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In Memoriam of the Nigerian civil war civilian deaths

In Memoriam of Mrs Adeline Omorinre Johnson and other civilian deaths of the civil war.

Mrs Adeline Omorinre Johnson, neé Ajai was my dad’s elsest sister. She was also called Mama kekere – small mother because she was the mother of the Ajai clan after the death of her own mother, Mrs Keziah Ajai, neé Shaw. Mama Kekere was beautiful inside and out. My paternal grandfather has ‘abijo’ genes. I can’t explain it in English. You know how you would know MKO’s children? Yes. You knew my Papa Idunmota’s children too. His daughters all looked alike regardless of who their mother was. And my Papa Idunmota gave all his daughter’s ‘pele’ – small horizontal marks on their cheeks that seemed to enhance their beauty even more. I begged my dad for the longest time to give me the pele as well but he refused. My aunts all had (have in the case of my only surviving aunt, Mrs Apara) the pele and they all were (is in Mrs Apara’s case) ebony beauties, Mama Kekere being the matriach of the clan.

My parents ‘moulded’ me on the template of my Dad’s Mama Kekere. Mama Kekere was not only my grandfather’s first child, she was also his right hand person till she died. She died before her dad you see. She died during the civil war. I was a baby when she died but in the Ajai family, her legend lives on. She was compassionate yet firm. A curious mix of soft love and tough love. She was actually my dad’s step or is it half sister? I always get confused with step and half. She and my dad were the same dad but not the same mum but she did not differenciate between full sibling and half or step sibling. She was the eldest of the clan while my dad was the baby of the clan. She actually named me OLUBUNMI. In Yoruba culture, the name the child will be called is traditionally given by the paternal grandfather. My paternal grandfather gave her this honour of naming his grandchildren on his behalf. And my dad passed this honour on to me as well. I named my sister, Yemisi’s children on behalf of my dad. Whenever my younger sisters annoyed me and I lashed out at them, my dad would tell me how Mama Kekere would have dealt with the situation with love and firmness.

So, Mama Kekere is on on my mind. Why? She died during the civil war. A death that was still felt by my dad till he died. She died a preventable death and in his arms you see. She was asthmatic and had an attack in the middle of the night. She needed to be rushed to the hospital but there was a curfew and a war going on. My father did not drive in those days and as she kept getting worse, my dad had to do the unthinkable. He rushed out into the night and was almost gunned down by Federal soldiers. At that point, my dad said he did not care if he died or not. He could not sit wringing his hands while his beloved sister gasped for breath. Luckily for him, the soldiers were not trigger happy. He put up his hands and explained the situation to them. The soldiers then got a car, I suppose it would have been a military car to take my dad and his beloved sister to the hospital. She did not make it to to hospital and died in her brother’s arms, in the car.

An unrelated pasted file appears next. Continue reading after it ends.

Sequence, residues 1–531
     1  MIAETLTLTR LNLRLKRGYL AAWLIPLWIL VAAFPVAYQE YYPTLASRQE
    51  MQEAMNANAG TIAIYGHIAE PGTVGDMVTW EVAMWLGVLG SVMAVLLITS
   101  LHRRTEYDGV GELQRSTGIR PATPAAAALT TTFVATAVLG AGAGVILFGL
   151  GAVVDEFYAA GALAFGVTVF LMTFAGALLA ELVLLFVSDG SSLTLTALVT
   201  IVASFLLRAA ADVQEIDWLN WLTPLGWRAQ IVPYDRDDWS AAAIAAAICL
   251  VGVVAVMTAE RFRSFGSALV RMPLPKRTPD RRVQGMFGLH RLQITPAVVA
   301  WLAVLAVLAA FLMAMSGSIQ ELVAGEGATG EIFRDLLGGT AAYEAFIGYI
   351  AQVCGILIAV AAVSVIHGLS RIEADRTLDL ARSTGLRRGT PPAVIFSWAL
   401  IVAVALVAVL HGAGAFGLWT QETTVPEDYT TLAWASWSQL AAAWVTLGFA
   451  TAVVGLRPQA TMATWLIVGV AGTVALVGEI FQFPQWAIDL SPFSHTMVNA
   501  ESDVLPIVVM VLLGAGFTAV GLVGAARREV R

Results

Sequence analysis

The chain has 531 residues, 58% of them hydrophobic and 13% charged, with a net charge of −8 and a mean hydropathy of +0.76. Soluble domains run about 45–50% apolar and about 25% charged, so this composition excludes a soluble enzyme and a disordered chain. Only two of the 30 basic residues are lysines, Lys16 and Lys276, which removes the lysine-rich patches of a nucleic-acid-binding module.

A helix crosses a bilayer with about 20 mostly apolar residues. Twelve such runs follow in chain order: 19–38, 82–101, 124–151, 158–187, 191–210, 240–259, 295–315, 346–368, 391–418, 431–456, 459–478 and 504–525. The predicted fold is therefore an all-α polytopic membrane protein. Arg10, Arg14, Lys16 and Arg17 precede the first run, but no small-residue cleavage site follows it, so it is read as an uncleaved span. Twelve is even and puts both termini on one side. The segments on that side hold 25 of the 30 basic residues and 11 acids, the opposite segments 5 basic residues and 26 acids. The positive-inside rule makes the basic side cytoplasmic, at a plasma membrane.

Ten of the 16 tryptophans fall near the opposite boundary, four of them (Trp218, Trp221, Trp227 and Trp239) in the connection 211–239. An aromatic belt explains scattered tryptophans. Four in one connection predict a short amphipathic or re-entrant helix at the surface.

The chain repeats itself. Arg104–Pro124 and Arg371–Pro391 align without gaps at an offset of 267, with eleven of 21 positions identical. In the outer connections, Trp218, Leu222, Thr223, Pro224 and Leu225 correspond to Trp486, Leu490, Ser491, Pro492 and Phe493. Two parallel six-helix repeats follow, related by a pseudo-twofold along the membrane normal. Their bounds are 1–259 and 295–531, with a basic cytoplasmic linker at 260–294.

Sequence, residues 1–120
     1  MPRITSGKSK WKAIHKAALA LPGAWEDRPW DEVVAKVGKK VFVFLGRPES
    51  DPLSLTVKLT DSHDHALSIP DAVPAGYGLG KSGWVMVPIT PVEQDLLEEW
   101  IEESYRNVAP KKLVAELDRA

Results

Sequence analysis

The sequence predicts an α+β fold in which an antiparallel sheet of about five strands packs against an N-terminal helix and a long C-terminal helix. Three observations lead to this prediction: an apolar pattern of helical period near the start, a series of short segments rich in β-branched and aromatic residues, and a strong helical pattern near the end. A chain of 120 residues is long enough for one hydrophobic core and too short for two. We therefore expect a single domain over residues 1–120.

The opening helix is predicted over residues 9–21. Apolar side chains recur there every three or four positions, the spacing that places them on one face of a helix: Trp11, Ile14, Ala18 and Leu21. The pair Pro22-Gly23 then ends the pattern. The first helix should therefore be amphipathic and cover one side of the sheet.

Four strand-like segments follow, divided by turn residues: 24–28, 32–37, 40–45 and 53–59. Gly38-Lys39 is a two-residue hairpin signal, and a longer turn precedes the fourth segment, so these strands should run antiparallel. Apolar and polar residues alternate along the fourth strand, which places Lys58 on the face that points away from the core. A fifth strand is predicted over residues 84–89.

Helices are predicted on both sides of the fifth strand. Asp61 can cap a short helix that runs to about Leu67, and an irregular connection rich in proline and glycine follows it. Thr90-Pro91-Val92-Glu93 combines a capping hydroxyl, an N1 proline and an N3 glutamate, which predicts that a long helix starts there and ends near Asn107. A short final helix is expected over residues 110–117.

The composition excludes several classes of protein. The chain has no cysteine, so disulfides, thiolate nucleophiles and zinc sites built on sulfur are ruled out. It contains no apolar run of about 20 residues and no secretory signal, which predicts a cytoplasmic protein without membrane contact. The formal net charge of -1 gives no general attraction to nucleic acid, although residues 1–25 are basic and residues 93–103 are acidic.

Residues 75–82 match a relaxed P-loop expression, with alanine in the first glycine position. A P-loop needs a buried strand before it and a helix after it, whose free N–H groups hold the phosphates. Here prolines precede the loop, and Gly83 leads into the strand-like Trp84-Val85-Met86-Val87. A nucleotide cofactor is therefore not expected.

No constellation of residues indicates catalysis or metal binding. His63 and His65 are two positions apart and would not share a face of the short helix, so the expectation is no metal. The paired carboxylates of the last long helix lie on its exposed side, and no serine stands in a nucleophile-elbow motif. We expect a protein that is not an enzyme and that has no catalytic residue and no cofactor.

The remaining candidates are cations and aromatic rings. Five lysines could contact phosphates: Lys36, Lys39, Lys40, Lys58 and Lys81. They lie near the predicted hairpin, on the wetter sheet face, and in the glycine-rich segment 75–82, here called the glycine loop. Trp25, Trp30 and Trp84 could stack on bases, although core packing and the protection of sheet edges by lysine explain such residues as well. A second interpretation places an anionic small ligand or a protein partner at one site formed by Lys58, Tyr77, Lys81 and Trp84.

So, yes, my family was touched by the tragedy of the war too. She was the most loved member of the family, my Aunt Adeline Omorinre Johnson, neé Ajai. May her soul and those of other loved ones who died preventable deaths on all sides of the war rest on in peace.


This Post Has 4 Comments

  1. its appalling. i didn’t witness the war but i had so many family members die during the war. my maternal grandmother died with my maternal uncle while crossing the niger river from asaba to onitsha, there were bombed by a nigerian plane or artillery (no one is certain). my maternal aunt died of malaria or starvation or one of a million other diseases killing children in refugee camps. not to talk of the scores that died in kaduna during the pogroms. you see, my maternal grandad was an officer in the nigerian army and he escaped during the genocide. and also the asaba people massacred by murtala mohammed and his troops after they retook the city. i can go on and on about my people that died during the war but of what good is it

    1. Hmmm… Asaba was badly affected wasn’t it? May the souls of these departed rest in peace. So, your mum lost a few people then.

  2. My first exposure to the Biafran war was Chimamanda’s book -half of a yellow sun. Today your story brought it home. The ripple effect of civil unrest cannot be estimated.

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